Stocks Analysts Like, and Some They Dislike
Analysts were generally optimistic after companies reported results last quarter. They were, in fact, historically optimistic. We can see how unusual this is by considering some data.
As companies reported their results for the final quarter of 2017, they also provided guidance on what to expect in the first quarter of 2018 and for the full year. Analysts then use this guidance to revise their earnings expectations.
According to the research firm FactSet, analysts increased their earnings estimates for the companies in the S&P 500 to $157.77 from $147.24, the estimate they published on December 31, 2017. This is the estimated earnings per share (EPS) for the index, with the EPS of individual companies weighted to reflect their contribution to the price of the S&P 500.
This is a 7.1% jump and the “increase marked the largest increase in the annual EPS estimate for the index over the first three months of the year since FactSet began tracking the annual bottom-up EPS estimate in 1996.”
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Changes From Analysts Point to Sectors to Watch
In addition to publishing estimates on the index, they also publish EPS estimates and ratings for individual stocks. Overall, there are 11,094 ratings on stocks in the S&P 500. Of these 11,094 ratings, 52.2% are Buy ratings, 42.9% are Hold ratings, and 4.9% are Sell ratings.
In general, analysts are reluctant to use a Sell rating. It is widely believed that analysts who rate a company as a Sell can hurt their firm. This is because companies often use investment banking services and they may penalize analysts with Sell ratings.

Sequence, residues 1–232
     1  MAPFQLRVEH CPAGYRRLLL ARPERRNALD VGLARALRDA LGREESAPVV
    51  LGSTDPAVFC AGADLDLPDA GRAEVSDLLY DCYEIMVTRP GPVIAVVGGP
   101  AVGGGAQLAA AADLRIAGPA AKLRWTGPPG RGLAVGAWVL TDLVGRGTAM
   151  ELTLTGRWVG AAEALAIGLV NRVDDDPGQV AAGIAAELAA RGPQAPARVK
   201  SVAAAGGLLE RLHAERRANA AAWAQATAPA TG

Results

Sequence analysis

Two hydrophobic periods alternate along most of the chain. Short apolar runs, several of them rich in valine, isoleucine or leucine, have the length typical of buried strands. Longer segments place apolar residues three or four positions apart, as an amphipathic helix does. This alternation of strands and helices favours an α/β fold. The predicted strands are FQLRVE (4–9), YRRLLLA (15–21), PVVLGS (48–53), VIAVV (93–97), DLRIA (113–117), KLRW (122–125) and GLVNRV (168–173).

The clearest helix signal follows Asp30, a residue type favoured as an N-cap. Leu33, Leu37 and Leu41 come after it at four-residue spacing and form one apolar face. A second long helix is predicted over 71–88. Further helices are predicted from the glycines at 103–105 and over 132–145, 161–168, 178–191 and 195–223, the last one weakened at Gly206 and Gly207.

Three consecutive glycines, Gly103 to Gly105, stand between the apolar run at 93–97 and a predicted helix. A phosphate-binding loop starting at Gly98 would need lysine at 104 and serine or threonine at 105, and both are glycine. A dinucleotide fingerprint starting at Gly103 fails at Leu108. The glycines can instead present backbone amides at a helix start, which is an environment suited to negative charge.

A company uses investment banking services when they complete an initial public offering. But, they also use these services when they issue or refinance debt and many companies are selling debt at any given time.
Investment bankers can also help a company repurchase its own stock or handle the sell of large blocks of stock for executives looking to diversify their personal portfolios. In other words, there are a number of opportunities for Wall Street firms to generate revenue from publicly traded companies.
Those opportunities could be limited if an analyst releases a negative report on a company. And, there are rare reports of companies firing analysts who issue negative reports.
In one example, The New York Times reported that Merrill Lynch replaced an analyst who had annoyed Enron executives by issuing a neutral rating on the energy company. Of course, Enron collapsed into bankruptcy and the analyst was correct.
For traders looking at sectors, analysts are most optimistic on the Information Technology (60%), Health Care (59%), and Energy (59%) sectors, as these three sectors have the highest percentages of Buy ratings.
To gain exposure to these sectors, traders could buy exchange traded funds, or ETFs. An ETF is a diversified basket of stocks that tracks an index. ETFs trade like stocks and carry low expenses, making them attractive for investors seeking to invest in indexes.